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Honjo hopes Nobel Prize win will attract young med school grads to basic research

Kyoto University distinguished professor Tasuku Honjo attends a press conference after he was announced as the joint winner of this year's Nobel Prize in Physiology or Medicine, at the university in Kyoto's Sakyo Ward on Oct. 1, 2018. (Mainichi/Ai Kawahira)

KYOTO -- Kyoto University distinguished professor Tasuku Honjo would be happy if his Nobel Prize in Physiology or Medicine "serves as an opportunity for young medical school graduates to get interested in basic research," he said in a one-on-one interview with the Mainichi Shimbun on Oct. 1.

Asked to describe his personal adage when it came to research, Honjo wrote four Chinese characters meaning "With Will, You Succeed." The phrase, which appears in the Book of the Later Han compiled in the fifth century, is attributed to Chinese Han dynasty emperor Guangwu.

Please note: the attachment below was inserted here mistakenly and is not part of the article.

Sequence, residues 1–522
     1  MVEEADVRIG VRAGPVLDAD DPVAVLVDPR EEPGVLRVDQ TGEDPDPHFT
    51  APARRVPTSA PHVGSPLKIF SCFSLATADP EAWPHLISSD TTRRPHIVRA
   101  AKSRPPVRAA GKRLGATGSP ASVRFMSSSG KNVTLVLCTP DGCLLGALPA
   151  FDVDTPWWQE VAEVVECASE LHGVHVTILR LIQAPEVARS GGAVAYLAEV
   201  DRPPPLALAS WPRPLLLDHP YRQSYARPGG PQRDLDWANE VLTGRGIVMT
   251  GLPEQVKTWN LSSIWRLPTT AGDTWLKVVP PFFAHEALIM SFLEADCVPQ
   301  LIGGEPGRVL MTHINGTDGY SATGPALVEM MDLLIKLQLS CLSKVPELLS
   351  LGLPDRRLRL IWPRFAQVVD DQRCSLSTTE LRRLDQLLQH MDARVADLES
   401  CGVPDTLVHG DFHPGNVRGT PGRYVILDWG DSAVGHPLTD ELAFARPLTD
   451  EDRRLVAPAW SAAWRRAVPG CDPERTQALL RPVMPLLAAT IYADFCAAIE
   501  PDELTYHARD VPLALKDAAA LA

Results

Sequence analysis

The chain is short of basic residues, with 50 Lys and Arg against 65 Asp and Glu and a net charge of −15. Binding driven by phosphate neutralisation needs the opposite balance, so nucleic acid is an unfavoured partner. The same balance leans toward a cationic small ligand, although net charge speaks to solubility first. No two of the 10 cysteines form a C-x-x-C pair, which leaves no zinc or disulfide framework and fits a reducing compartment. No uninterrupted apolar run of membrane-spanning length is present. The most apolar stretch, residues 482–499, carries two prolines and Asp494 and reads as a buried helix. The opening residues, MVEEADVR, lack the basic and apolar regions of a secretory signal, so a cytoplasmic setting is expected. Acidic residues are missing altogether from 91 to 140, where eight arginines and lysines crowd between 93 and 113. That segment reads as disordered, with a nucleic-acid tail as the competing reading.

"Failure is the norm in scientific experiments, so you should not let yourself feel down every time you fail," said Honjo. "Nothing is impossible. I have done my work in the belief that there is always a way."

Honjo also expressed concerns about a substantial decline in the number of people who commit themselves to basic research after their graduation from medical school. "People no longer pursue their dreams in basic research," he said, seeking to spark the interest of young scientists and calling for the need to prepare an academic environment for them.

(Japanese original by Ryo Watanabe, Osaka Science & Environment News Department, and Mai Suganuma, Kyoto Bureau)

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